Asthma, Exercise-Induced

Below you will find more information about Asthma, Exercise-Induced from Medigest. If you believe that you are suffering from any of the symptoms of Asthma, Exercise-Induced it is important that you obtain an accurate diagnosis from a medical professional to ensure that you obtain the correct medication or treatment for your condition. There are medical conditions that carry similar symptoms associated with Asthma, Exercise-Induced and therefore the information provided by Medigest is offered as a guideline only and should never be used in preference to seeking professional medical advice. The information relating to Asthma, Exercise-Induced comes from a third party source and Medigest will not be held liable for any inaccuracies relating to the information shown.

Definition

Asthma, exercise-induced (exercise-induced asthma) pertains to coughing, wheezing, or shortness of breath during exercise or any vigorous physical activity. As with most other types of asthma, exercise-induced asthma results from the inflammation of the bronchial tubes of the lungs.

Diagnosis

A physical examination plus the patient's clinical symptoms and medical history are usually the basis for diagnosing exercise-induced asthma. Some diagnostic steps to determine exercise-induced asthma are: performing lung-function tests and conducting an exercise challenge to see how physical exertion affects the lungs.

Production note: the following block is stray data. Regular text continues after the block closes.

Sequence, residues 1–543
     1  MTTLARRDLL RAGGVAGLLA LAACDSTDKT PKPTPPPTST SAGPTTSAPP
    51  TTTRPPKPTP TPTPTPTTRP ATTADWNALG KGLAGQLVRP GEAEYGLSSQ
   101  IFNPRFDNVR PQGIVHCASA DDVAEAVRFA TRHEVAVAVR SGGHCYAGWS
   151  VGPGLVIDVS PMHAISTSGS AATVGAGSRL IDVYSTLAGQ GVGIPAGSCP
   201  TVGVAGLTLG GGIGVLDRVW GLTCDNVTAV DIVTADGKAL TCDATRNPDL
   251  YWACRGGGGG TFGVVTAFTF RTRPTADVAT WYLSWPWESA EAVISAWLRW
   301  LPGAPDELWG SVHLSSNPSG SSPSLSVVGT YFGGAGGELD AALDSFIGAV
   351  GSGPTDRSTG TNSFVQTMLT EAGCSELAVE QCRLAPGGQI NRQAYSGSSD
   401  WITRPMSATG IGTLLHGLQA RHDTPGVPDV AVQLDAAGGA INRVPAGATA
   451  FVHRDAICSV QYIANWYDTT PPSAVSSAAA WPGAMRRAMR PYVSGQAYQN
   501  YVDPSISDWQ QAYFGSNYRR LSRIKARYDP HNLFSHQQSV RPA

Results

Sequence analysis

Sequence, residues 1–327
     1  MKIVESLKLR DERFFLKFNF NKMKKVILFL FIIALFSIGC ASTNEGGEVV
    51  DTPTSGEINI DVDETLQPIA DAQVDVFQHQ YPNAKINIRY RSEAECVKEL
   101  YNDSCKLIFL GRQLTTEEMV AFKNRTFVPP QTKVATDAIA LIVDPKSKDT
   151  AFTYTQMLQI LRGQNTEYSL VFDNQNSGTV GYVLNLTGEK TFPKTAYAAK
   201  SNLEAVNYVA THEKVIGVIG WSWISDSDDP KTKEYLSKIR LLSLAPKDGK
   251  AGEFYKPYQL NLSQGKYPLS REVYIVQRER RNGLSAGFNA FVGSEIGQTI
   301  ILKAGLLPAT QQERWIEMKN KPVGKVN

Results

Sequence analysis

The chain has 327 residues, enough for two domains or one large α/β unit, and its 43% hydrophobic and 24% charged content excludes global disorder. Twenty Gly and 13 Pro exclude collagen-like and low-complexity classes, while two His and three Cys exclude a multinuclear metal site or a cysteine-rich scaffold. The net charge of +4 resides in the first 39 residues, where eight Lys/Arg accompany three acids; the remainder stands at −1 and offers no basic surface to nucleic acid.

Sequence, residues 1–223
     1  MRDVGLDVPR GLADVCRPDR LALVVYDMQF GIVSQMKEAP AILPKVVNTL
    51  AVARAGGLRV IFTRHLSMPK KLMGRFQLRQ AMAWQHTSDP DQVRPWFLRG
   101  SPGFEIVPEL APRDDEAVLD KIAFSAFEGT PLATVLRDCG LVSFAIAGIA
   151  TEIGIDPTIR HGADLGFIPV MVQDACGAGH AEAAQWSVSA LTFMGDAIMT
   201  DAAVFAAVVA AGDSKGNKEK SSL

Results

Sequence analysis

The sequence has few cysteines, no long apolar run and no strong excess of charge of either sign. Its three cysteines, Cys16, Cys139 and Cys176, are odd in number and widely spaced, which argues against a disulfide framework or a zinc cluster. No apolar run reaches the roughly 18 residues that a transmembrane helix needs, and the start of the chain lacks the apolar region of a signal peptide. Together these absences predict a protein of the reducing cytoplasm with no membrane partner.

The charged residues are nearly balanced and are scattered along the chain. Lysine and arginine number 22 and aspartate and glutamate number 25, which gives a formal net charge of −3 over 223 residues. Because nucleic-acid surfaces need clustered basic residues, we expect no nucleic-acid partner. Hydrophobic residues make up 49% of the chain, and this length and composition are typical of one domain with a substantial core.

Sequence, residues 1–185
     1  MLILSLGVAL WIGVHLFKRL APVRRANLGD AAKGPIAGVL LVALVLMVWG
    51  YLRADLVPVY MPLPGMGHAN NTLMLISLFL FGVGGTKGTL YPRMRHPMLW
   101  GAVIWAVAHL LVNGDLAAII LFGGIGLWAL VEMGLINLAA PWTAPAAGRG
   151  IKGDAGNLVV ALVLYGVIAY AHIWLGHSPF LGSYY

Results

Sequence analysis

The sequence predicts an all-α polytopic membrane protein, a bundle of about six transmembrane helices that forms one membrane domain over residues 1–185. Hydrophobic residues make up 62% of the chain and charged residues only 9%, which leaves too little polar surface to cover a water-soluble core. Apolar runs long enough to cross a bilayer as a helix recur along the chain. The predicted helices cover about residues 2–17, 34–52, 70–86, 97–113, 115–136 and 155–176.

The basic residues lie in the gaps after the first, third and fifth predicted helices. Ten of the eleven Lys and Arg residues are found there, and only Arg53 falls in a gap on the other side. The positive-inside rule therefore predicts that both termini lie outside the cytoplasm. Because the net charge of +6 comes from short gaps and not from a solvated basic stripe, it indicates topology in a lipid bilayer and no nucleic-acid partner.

Treatment

Exercise-induced asthma can be treated with the same medications used for treating regular asthma. Depending on the severity and/or frequency of attacks, physicians may prescribe: short-acting bronchodilators, mast cell stabilizers, long-acting beta-2 agonist or LABA, leukotriene modifiers, or corticosteroid inhalers.

Symptoms and Signs

Symptoms of exercise-induced asthma may range from minor wheezing to severely troubled breathing during or after any form of exercise. Common symptoms, such as coughing, chest tightness, wheezing, chest pain, and shortness of breath, typically start within 5-15 minutes after exercise. Other symptoms of exercise-induced asthma include: poor athletic performance, fatigue during exercise, and long recovery time following an exercise.

Causes

The exact cause of exercise-induced asthma is currently not known; however, certain factors trigger the symptoms in susceptible individuals. These factors include: drying or cooling of the airways during heavy breathing, cold weather or dry air, high pollen counts, air pollution, recent respiratory infection, being out of shape, plus exposure to certain chemicals such as herbicides, fertilizers, pain, or chlorine. Alternatively, it is also believed that exercise-induced asthma is really just regular asthma, with exercise as the primary trigger for attacks.

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